Background & aims: Wilson's disease, a hereditary disorder caused by mutations in the Wilson's disease gene (ATP7B), leads to hepatic and/or neurological pathology resulting from cellular copper overload. In vitro studies showed that ATP7B, located in the trans-Golgi network, traffics to a cytoplasmic vesicular compartment in response to increased copper concentration. Mislocalization and failed intracellular trafficking of ATP7B mutants are suggested to be among disease-causing mechanisms; however, the effect of mutations on ATP7B localization in human tissues has not been directly shown. Therefore, we characterized the subcellular localization of normal and mutant ATP7B in human livers and in hepatoma cell lines.
Methods: Subcellular distribution of ATP7B in liver tissue from 3 control individuals and 3 Wilson's disease patients harboring a homozygous H1069Q-ATP7B mutation was analyzed by using immunogold electron microscopy. In addition, 14 ATP7B mutants tagged to green fluorescent protein were generated and expressed in HuH-7 and HepG2 cells; intracellular localization of these mutants was characterized by confocal microscopy.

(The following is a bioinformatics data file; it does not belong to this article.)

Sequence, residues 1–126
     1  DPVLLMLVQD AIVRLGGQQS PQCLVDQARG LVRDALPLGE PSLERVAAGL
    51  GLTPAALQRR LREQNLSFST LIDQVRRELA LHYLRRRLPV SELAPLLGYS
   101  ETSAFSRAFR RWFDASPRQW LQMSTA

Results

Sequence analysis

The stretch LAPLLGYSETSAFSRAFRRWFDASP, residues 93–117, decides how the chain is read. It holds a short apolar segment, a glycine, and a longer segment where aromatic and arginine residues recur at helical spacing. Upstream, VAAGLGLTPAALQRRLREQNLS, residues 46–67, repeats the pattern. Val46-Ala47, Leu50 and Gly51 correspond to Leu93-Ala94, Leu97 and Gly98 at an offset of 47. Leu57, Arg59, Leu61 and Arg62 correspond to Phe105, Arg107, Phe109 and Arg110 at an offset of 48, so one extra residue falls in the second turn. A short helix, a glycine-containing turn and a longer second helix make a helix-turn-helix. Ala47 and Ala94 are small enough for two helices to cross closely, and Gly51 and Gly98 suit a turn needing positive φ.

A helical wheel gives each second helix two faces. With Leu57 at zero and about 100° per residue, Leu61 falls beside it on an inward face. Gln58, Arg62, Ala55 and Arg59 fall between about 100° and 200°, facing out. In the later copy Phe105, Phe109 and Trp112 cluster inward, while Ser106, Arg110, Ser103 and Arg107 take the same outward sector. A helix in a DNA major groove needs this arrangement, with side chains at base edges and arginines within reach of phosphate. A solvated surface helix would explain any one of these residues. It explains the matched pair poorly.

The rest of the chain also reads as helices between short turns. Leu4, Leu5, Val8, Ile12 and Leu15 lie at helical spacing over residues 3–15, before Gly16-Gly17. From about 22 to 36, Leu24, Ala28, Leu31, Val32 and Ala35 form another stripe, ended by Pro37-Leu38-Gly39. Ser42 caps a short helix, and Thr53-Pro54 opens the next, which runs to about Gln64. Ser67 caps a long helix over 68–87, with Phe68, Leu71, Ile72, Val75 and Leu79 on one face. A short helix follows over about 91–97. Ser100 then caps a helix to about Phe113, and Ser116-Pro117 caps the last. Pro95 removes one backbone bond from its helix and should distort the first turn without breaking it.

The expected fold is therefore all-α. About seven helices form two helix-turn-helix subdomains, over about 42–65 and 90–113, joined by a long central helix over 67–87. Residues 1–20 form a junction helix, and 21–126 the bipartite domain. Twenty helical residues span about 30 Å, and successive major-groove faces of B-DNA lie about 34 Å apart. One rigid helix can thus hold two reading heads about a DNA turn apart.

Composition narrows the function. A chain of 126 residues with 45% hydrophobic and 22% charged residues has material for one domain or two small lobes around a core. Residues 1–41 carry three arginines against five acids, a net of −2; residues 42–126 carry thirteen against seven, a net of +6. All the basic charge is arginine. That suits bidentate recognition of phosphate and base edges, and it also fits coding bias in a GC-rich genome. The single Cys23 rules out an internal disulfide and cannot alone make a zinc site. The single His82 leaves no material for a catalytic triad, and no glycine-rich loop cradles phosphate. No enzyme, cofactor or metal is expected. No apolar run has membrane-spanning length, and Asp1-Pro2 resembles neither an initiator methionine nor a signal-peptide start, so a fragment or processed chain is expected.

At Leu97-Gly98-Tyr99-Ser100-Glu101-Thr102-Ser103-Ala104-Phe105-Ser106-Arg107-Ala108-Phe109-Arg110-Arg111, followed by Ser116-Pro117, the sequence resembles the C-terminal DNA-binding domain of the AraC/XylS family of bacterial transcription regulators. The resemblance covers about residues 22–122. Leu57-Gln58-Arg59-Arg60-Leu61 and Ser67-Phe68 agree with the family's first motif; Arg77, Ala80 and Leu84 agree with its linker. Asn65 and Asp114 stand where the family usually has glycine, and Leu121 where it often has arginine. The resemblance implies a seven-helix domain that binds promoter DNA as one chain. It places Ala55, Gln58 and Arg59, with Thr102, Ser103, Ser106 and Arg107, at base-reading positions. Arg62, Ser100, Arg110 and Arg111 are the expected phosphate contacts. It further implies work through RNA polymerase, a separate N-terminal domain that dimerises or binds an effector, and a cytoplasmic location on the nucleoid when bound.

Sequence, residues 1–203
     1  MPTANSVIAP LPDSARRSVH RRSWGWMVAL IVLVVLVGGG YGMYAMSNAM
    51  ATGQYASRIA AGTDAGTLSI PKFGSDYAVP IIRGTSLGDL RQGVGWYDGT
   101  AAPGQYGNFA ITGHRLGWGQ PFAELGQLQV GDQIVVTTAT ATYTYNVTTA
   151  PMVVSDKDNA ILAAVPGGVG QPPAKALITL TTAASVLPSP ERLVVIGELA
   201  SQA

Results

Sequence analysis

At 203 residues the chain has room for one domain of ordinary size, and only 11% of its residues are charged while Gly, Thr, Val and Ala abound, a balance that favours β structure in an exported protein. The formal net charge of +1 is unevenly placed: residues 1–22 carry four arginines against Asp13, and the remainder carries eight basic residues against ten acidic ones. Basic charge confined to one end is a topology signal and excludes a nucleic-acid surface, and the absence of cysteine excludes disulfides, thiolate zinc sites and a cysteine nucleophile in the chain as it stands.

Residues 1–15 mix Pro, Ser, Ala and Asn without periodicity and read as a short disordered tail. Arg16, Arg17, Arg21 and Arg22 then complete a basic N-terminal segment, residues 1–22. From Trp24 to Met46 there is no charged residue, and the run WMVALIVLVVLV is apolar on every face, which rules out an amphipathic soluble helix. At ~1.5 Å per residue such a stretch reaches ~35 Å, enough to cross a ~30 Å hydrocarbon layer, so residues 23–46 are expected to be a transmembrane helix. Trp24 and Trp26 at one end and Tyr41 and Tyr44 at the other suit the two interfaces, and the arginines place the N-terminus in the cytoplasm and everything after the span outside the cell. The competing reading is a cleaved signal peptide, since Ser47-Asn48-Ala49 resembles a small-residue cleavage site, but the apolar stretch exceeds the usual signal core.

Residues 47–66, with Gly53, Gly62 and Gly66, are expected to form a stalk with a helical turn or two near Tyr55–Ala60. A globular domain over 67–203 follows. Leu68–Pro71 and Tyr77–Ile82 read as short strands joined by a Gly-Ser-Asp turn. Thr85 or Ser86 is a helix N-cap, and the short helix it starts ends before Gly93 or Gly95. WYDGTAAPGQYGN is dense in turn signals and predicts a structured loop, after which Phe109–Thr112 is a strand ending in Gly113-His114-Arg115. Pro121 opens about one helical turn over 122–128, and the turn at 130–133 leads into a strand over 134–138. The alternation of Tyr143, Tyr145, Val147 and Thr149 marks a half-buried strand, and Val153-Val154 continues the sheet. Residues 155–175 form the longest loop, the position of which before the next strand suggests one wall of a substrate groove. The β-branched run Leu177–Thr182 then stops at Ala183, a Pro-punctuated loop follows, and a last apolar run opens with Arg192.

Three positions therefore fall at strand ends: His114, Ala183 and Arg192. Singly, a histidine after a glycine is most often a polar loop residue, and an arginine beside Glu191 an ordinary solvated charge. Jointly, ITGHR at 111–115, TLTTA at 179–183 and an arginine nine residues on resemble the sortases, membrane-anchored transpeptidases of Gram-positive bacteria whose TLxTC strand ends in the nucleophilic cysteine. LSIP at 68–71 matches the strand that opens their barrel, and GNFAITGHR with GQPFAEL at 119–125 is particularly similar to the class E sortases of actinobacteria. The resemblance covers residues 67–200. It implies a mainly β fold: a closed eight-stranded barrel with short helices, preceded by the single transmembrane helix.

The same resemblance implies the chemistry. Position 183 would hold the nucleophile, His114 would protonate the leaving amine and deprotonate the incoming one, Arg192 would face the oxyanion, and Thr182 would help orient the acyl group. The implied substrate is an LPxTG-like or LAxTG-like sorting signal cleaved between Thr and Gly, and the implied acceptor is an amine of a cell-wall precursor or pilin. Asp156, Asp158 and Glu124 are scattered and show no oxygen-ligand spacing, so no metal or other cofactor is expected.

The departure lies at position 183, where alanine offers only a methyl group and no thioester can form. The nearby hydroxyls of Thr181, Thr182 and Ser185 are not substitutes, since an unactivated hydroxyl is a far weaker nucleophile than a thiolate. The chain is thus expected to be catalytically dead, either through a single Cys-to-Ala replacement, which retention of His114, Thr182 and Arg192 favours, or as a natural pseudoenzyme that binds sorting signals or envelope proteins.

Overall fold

Results: In hepatocytes, ATP7B was localized in trans-Golgi vesicles, whereas H1069Q-ATP7B was trapped in the endoplasmic reticulum. Similar results were observed for wild-type ATP7B and H1069Q-ATP7B expressed in hepatoma cells. Most ATP7B proteins harboring missense mutations were distributed similarly to wild-type ATP7B. In contrast, truncated ATP7B mutants showed a diffuse, clustered, cytoplasmic pattern, distinct from the trans-Golgi network or endoplasmic reticulum.
Conclusions: These results provide a detailed demonstration of the ATP7B distribution in control and diseased human livers and indicate that several Wilson's disease mutations lead to incorrect localization of ATP7B to distinct cell compartments.